ChatGPT ‘levels playing field’ for people with disabilities

(NewsNation) — Seven-year-old Ezra pushes the icons on his tablet — an essential tool for his independence — and a computerized voice the tone and pitch of a little boy speaks out: “I want cheese, please.” 

“I was in tears when we picked what type of voice would be his voice,” said Holly Anderson of her son who has autism and does not speak. 

The tablet allows Ezra to express his needs or preferences through a software that weaves pictures into sentences. Communicating this way can be slow and arduous — but has the potential to be completely revolutionized by a new artificial intelligence-powered chatbot, ChatGPT.

The advent of an advanced AI that seemingly can write like a human has led to fears of cheating, concerns over plagiarism and cries that it’ll be the end of critical thinking

Yet within the disability community, the chatbot’s free and open-source nature has generated a lot of hope and excitement — particularly that this new technology gives people the ability to overcome barriers independently.

Looking ahead to the teen years, that could mean help writing a resume and cover letter, or asking for advice on how to talk to a girlfriend, said Anderson, who runs a YouTube channel on parenting kids with autism with her husband Adam.

“If he has the availability to go on ChatGPT, on an AI system, and ask a question and figure it out for himself, then he can be more independent in his life,” she said. “In so many ways, especially for people who have been disadvantaged in the past with a lot of limitations … this totally levels the playing field.”

Adam Anderson helps his son, Ezra, use a tablet that helps him learn and communicate. Screenshot of 7-Ahead/Youtube

Adding the “Fluff”

A slew of artificial intelligence programs have gone mainstream this year — from apps that can paint you a profile picture, to browser extensions that summarize search engine results into a paragraph.

But ChatGPT has stood out, in part due to its simple interface and extremely advanced language framework. It can distill the vast information of the internet into a seemingly human conversation, offering social awareness and even wisdom.

“It’s the first chatbot that’s enjoyable enough to speak with and useful enough to ask for information,” said Big Technology newsletter writer Alex Kantrowitz. “It can engage in philosophical discussions and help in practical matters. And it’s strikingly good at each.”

The way ChatGPT mimics human polite conversation excites Fiona Given, a lawyer and research associate at the University of Technology Sydneyin Australia. She uses a speech device due to Cerebral Palsy and only averages about 18 words a minute.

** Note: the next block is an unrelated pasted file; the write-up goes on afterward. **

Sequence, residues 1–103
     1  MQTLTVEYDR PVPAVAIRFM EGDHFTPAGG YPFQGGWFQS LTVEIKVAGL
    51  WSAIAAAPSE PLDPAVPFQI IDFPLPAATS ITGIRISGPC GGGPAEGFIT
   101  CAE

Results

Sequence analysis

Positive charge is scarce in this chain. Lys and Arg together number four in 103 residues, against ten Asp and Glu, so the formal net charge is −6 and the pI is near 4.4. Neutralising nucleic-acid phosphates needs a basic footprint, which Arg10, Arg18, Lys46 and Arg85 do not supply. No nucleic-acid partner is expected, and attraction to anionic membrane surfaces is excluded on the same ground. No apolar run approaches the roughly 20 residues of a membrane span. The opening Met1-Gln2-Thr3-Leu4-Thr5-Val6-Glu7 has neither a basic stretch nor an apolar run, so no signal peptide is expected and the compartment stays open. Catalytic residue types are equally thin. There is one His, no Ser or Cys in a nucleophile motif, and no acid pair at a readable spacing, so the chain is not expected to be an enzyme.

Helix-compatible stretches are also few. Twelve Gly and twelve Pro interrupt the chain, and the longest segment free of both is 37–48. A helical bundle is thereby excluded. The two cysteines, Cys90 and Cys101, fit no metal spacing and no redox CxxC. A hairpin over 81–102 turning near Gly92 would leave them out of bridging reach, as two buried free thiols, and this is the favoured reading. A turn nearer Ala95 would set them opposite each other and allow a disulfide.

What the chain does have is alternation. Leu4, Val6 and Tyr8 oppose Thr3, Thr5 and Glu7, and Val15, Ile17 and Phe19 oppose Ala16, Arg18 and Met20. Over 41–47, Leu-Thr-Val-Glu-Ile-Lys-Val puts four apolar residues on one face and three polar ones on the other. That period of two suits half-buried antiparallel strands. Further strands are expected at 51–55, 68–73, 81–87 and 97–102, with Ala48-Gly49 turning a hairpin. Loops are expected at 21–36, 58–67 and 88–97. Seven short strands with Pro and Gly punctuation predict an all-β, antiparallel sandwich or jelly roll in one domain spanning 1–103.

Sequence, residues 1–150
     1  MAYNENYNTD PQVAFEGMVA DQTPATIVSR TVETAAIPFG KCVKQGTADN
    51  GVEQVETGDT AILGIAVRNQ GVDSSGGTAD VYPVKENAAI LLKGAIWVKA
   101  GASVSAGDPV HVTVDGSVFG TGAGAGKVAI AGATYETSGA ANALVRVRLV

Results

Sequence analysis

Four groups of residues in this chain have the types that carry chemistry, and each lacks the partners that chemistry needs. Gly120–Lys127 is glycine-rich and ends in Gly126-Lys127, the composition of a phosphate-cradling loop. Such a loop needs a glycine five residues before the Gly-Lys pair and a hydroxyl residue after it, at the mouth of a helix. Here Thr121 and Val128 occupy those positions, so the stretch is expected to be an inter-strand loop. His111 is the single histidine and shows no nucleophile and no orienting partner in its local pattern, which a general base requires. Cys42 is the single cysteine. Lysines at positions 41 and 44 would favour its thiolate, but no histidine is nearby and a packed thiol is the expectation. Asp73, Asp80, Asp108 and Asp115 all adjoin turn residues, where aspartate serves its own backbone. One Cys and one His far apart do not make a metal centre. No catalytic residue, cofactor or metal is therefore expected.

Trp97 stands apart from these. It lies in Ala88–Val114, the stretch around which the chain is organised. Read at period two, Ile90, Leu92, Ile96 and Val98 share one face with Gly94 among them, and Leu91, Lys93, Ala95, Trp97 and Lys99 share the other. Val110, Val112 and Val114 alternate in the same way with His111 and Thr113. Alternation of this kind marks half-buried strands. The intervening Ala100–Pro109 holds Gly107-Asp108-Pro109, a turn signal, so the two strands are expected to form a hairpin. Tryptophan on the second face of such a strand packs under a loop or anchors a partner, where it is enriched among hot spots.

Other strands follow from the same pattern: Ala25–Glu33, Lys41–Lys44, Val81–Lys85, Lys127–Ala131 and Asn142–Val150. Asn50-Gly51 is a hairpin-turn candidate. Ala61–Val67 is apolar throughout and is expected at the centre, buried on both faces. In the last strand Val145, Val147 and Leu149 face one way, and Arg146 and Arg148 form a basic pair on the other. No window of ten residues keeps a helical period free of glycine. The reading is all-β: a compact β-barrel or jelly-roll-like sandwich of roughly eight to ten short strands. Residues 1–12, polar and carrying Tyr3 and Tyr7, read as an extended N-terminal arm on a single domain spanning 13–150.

Fiona Given, an Australian lawyer and researcher, uses a text-to-speech device to give a lecture. Courtesy of Fiona Given.

“Due to the effort that is required of me to compose my messages, I economize on words,” Given said. “This results in me only telling half a story or sounding curt because I leave out the nice fluffy parts of language. This can lead to breakdowns in communication or even breakdowns in relationships.”

People playing with ChatGTP have already demonstrated its ability to add that “fluffy language” into written words, like emails or school reports. Connecting the technology into a text-to-speech device is an obvious next step, Given said.

“It could also help me provide detailed instructions to direct support workers such as how to assist me in the shower … how to cook my favorite dish,” Given said. “Often by the time I have typed my message, the conversation has moved on. AI technology could help me be a more active participant.”

Hurdles Ahead

Although ChatGPT is currently free and open-sourced, it still would require a developer to apply it to current technology on the market. 

That would likely make it more expensive or create hurdles to access — like having to go through insurance, said Kara Ayers, of the University of Cincinnati Center for Excellence in Developmental Disabilities.

Ayers is also a parent and uses a wheelchair. Banning AI software from schools, jobs or government offices outright is short-sighted, she says, predicting it’ll become as indispensable as search engines.

That means it’s essential for developers to consider how people with disabilities will use it.

“People assume … that there’s like this brigade of people waiting to help (people with disabilities),” she said. “We’re not there yet. And so until we get there, I just potentially see ChatGPT as a bridge.”

Still, the nature of that bridge gets at a core question of authorship: What does it mean to co-create with a computer that thinks faster and knows more than you? What does it mean when the person reading or viewing that creation can’t tell the difference between human hands and keystrokes?

“Absolutely (ChatGPT) would increase my productivity,” Given said, adding the world often misses out on the unique insights and experiences of people with disabilities. “But it’s really important that the person with a disability edits (the output) so it is our own words.”


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